Buzz, learn and lead!

A story in four chapters presenting the potential for a fast-forward in evolution through a guided tour.

Chapter 4

Feed as Partner in further food production

We felt we were stuck firmly somewhere and tried to jostle free without any success. But what a glorious sight it was!

Master told us we were coral polyps, tiny parts of a gigantic aggregate organism known to humankind as coral reef in the Great Barrier Reef system in the Coral Sea, off the Queensland coast of Australia. This was the world’s largest coral reef system, Master announced, consisting perhaps of some 3000 individual giant reefs spread over a coastline of some 2600 km and occupying an area of over 300,000 square km. He also told us that if we stayed in the reef for over a year, we could become larger by a few mm in size. We were amazed at the astounding variety of dynamic living diversity around us. We could see some starfish basking on the reef and small and big fish in the sea ahead. Master said he was willing the starfish to keep away from us as they would suck the life juice out of us if they moved over to us.

Master informed us too that the diversity included many vulnerable or endangered species. 30 species of whales, and many kinds of dolphins, or porpoises as they are sometimes called, have been found here, it seems, and these included the Dwarf Minke Whale, Indo-Pacific Humpback Dolphin and the Humpback Whale. He continued, and we could visualize in our minds the kind eyes of his human form widening, ‘Also, large populations of dugongs live here. Six species of sea turtlecome here to breed – Green Sea Turtle, Leatherback Sea Turtle, Hawksbill turtle, Loggerhead Sea Turtle, Flat back Turtle, and Olive Ridley. Over 200 species of birds (including 40 species of water birds) live on this great reef, including the White-bellied Sea Eagle and Roseate Tern. Do you remember the Indian terns? 17 species ofsea snake move on the Great Barrier Reef. More than 1500 species of fish live here too, including the Batfish, Clownfish, Red Bass, Red-Throat Emperor, and several species of Snapper and Coral Trout. 400 species of corals, both hard corals and soft corals are found on the reef. We are hard ones. There are 15 species of Sea grassnear the reef that attract the dugongs and sea turtles. 500 species of marine algae or seaweed live on the reef. The Irukandji jellyfish also lives on the reef. 5000 species of mollusc have been recorded on the Great Barrier Reef including the Giant Clam and various nudibranchs and cone snails.’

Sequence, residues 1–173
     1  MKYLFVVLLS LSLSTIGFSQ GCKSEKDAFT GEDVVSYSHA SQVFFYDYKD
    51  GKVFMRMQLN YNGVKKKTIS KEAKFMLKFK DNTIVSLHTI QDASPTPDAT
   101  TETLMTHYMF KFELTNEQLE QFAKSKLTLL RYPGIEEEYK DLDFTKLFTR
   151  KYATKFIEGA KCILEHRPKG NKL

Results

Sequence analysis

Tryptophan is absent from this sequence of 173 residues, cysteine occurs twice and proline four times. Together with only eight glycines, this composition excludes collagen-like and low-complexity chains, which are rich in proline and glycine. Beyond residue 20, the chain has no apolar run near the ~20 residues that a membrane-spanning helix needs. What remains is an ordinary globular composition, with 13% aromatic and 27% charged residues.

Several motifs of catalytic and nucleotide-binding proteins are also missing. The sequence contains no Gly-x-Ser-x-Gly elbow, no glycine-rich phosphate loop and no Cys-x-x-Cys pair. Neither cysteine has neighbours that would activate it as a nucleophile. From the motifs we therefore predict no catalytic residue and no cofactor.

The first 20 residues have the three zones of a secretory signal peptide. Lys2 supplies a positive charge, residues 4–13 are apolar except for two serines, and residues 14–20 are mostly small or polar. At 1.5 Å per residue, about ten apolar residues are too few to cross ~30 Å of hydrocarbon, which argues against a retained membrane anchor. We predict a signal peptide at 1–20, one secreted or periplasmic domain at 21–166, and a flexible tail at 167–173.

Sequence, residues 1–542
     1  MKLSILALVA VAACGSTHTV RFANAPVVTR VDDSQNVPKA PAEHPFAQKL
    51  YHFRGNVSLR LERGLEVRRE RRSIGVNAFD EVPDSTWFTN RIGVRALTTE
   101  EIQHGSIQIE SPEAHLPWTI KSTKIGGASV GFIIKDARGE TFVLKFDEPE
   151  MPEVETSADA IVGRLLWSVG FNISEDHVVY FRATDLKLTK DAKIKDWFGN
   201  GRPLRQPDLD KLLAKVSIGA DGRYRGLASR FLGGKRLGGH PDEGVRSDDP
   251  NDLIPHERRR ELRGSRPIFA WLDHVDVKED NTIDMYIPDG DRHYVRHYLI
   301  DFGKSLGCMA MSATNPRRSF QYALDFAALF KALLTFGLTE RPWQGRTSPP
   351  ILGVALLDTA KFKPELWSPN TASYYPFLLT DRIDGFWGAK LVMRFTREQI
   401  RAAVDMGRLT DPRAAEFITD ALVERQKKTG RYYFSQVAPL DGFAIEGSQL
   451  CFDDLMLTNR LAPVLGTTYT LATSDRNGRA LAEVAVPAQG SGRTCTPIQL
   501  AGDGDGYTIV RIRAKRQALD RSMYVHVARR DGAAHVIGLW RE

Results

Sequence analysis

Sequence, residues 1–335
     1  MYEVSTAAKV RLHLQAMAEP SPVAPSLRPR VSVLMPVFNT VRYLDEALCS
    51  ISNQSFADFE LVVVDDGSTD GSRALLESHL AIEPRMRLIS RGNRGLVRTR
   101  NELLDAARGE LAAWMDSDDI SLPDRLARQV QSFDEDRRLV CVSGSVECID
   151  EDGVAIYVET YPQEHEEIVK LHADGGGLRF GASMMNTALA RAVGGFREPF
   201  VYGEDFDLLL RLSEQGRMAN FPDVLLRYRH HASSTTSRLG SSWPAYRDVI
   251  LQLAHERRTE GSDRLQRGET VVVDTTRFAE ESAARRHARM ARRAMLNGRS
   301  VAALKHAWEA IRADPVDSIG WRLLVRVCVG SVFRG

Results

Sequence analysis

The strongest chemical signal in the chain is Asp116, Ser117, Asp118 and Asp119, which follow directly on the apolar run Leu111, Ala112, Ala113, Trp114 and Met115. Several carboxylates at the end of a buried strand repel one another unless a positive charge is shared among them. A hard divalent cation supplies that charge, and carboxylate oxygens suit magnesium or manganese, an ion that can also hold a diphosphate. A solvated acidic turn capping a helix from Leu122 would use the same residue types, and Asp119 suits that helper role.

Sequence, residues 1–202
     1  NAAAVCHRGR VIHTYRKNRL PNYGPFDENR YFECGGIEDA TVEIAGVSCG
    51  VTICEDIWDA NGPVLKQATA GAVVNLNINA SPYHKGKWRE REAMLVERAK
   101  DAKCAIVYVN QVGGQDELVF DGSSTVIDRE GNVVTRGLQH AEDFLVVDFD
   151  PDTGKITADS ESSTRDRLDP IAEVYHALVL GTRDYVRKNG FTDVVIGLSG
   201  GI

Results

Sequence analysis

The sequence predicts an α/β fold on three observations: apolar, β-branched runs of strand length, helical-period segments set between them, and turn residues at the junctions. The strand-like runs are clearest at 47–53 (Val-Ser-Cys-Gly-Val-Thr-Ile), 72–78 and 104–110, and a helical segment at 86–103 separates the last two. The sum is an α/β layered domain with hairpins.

Nari exclaimed, ‘We cannot even hope to remember half of what you listed just now. But what was it you said just now about some branches?’

Master must have smiled, when he replied, ‘Yes, branches indeed, branches without a covering, if you please. Actually nudibranchs are snails or slugs, without their mandatory shell covering.’ And he pointed to a nudibranch perched nicely elsewhere on our reef-segment. ‘Consider yourself lucky, Rani,’ he said, ‘that you and the two of us are hard corals, otherwise there are enough nudibranchs, of various varieties but all with a single point agenda of eating soft coral in a variety of ways! Most scientists who write the general name of these creatures in plural spell them without the default e before the final s, though a few (like you!) call them nudibranches, as they would spell any other kind of branches. We can calmly contemplate on these niceties, because we are not an interesting mouthful for these nudibranchs when soft polyp is also available in plenty alongside.’

I winced as I watched one very slimy but colourful creature probing some soft polyp directly beneath it and felt thankful that it will pass me by. I thought I should take my mind away from these slug-snail-slimies, which I felt should be soon enough when Master would draw our attention to the main player of the day, out of the multitudes that were on view. I was aghast when Master smiled and said, ‘No such luck, Rani, these are our heroes and you will soon learn how they qualify! Meanwhile let me tell you about yourself, namely about corals.’

Master went on, ‘We have the family name Anthozoa. While our growth forms can be various, we belong to the majority type that live as colonies of literally thousands of individuals that secrete a slimy substance, which, as you can feel yourself, slowly hardens to form our outer skeleton called corallite. Corallite units like ours join together to form a reef network. We have a symbiotic relationship with zooxanthellae, a group of single-celled algae. Can you see the algae? Even as we are developing, these algae invade our tissues, where they nicely reproduce and photosynthesize. Most of the carbohydrates produced during photosynthesis are then passed onto us, the coral host, supplementing our food intake, thus increasing our reef-building capacity. The soft corals (they are called Alcyonarians) that you see yonder are not reef-building but still make up a part of our reef community. They lack our kind of rigid skeleton so their bodies appear as a fleshy, branched or lobed mass. These belong to the group of octocorals because they have polyps bearing eight tentacles embedded in the fleshy body.’

Can you see why reefs like ours, big or small, depending substantially on food made by photosynthesis, thrive only under tropical or semi-tropical brightly sunlit environments? Their distribution is indeed restricted to the clear, shallow, coastal waters of tropical seas between the latitudes 30 degrees north and south. Now I am going to tell you of a relationship similar to the one between us and the algae, but involving nudibranchs.’